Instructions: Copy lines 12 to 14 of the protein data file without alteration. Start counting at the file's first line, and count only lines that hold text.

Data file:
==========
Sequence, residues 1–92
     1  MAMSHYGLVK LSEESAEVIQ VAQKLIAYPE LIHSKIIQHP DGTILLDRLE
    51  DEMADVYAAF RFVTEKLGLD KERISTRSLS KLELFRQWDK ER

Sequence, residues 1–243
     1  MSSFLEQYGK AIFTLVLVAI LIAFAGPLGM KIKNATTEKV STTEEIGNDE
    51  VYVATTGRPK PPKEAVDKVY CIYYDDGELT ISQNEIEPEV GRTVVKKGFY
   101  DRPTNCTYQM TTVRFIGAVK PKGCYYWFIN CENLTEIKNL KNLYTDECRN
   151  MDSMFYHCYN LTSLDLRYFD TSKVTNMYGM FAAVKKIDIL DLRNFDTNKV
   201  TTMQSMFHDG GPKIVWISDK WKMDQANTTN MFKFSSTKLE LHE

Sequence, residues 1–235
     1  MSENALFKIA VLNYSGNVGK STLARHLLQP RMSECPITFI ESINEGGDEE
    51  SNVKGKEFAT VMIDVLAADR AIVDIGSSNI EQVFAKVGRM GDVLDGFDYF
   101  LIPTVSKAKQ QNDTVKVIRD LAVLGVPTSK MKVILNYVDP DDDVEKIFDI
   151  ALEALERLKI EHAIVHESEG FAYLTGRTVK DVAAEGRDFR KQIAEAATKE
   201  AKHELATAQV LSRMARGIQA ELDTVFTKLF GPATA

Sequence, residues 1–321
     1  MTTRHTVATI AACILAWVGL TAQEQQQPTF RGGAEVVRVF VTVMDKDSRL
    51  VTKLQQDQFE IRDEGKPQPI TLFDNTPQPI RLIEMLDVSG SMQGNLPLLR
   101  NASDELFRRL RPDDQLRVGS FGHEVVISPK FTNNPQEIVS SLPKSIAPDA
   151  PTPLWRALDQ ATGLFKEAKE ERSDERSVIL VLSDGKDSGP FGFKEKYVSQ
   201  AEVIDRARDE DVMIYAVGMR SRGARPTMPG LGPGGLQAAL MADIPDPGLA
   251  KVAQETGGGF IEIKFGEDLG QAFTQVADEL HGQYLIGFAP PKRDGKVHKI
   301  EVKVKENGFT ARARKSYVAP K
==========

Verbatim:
    51  SNVKGKEFAT VMIDVLAADR AIVDIGSSNI EQVFAKVGRM GDVLDGFDYF
   101  LIPTVSKAKQ QNDTVKVIRD LAVLGVPTSK MKVILNYVDP DDDVEKIFDI
   151  ALEALERLKI EHAIVHESEG FAYLTGRTVK DVAAEGRDFR KQIAEAATKE